What’s lacking is meaning. Meaning is a key driver in human motivation. When we do something we experience as meaningful, we flourish and work harder, are more resilient and adaptive to change. Imagine how hard you would work to safe your best friend’s life or help your old mother? Imagine that the president of your country came to you personally and said – ”I need you for a special mission, that will save the future of the earth. I think you are the only person who has the abilities to do it. We are all dependent on you. Can I count on you?”. Would you say Yes? Probably you would.
When we feel indispensable on a very important mission, we are highly motivated. This is the kind of participants we want at our meetings. According to the psychology professor Martin Seligman, to experience meaning is one of the most important elements in a happy life. In his definition life is meaningful when you are ”Using your signature strengths and virtues in the service of something much larger than you are”.
For the modern employee value appropriation is not meaningful. To earn money just for the sake of earning money or to help the company grow just for the sake of shareholders is not an honorable mission that makes you want to get out of bed early in the morning. Instead we want to be value creating. We want to use our talents to make a difference for others. We don’t just want to be stonecutters, we want to build cathedrals.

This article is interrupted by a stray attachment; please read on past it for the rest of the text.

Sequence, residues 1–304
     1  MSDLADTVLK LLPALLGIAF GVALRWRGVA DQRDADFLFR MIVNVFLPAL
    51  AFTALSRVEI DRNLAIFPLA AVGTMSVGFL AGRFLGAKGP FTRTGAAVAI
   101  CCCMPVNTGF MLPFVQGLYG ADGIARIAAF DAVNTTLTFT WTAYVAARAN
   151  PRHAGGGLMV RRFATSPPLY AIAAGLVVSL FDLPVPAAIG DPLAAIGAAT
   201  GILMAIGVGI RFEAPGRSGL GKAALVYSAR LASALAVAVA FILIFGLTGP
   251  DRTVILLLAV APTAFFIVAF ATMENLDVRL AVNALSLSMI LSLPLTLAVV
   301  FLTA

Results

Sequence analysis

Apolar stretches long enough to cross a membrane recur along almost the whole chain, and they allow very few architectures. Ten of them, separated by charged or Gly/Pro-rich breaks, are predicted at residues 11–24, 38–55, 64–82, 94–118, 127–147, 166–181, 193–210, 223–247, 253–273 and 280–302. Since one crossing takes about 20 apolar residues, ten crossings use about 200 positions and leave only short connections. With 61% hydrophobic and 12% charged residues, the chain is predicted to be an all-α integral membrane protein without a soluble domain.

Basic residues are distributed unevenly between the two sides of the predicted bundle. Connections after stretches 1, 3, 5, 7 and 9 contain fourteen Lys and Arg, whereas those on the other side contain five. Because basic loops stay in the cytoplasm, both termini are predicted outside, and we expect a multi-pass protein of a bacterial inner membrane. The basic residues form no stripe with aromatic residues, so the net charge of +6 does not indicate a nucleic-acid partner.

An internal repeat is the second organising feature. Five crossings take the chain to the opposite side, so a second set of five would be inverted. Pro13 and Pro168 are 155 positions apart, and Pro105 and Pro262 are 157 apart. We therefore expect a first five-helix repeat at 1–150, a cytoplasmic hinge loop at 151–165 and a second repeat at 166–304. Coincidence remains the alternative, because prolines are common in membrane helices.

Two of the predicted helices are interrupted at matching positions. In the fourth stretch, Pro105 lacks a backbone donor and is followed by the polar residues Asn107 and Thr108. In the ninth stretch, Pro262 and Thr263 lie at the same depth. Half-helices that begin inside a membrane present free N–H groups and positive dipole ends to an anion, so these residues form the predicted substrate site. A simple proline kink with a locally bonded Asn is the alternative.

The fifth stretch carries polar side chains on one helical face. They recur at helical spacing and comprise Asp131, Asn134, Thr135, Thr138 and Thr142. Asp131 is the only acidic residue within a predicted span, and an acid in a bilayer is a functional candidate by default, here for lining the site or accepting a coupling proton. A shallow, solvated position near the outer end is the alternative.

According to the researcher Ib Ravn there are four kinds of meaning you can experience at work:
1. When you feel you fulfill your potential and use your strengths and virtues.
2. When you feel you give an important contribution to your work.
3. When you feel you do something important for your collegues or teammates.
4. When you feel your job creates value, by covering the real needs of the customers (and not just sell them some crap they really don’t need).
So if we want to create better meetings and happy lifes for other people, we should care about meaning in meetings. Instead of motivating employees with bonuses and material rewards, we should give them a decent pay and a mission they can’t deny.
And how do you do that?
- What Cathedral are you building? Why is this meeting indispensable? Explain the real reason behind the meeting. Why is this important on a higher level. How will this meeting change the world, the value for the customers or the future of the company?
- Clear objectives. Make sure the meeting always has an objective and communicate it clearly to the participants. Tell them what the expected output of the meeting is, and how they can contribute.
- Unfold the participants potential. Give opportunities for the participants to use their strengths and virtues to contribute to the objectives of the meeting. Make them feel indispensable.
- Let the participants help each other produce something important. Let everyone experience that they are an important part of a productive community.
- Engage the participants. Engage them before, under and after the meeting and invite them to help finding the meaning themselves.
- Think green and responsible. Make the meeting green and sustainable and add a social responsibility program, to show that you care about more than just yourselves.
Ravn, Ib (2008). Mening i Arbejdslivet – teori og praksisudvikling. Erhvervspsykologi, 6, (4) 44-73.
Seligman, Martin (2011). Flourish – A visionary New Understanding of Happiness and Well-being. Free Press.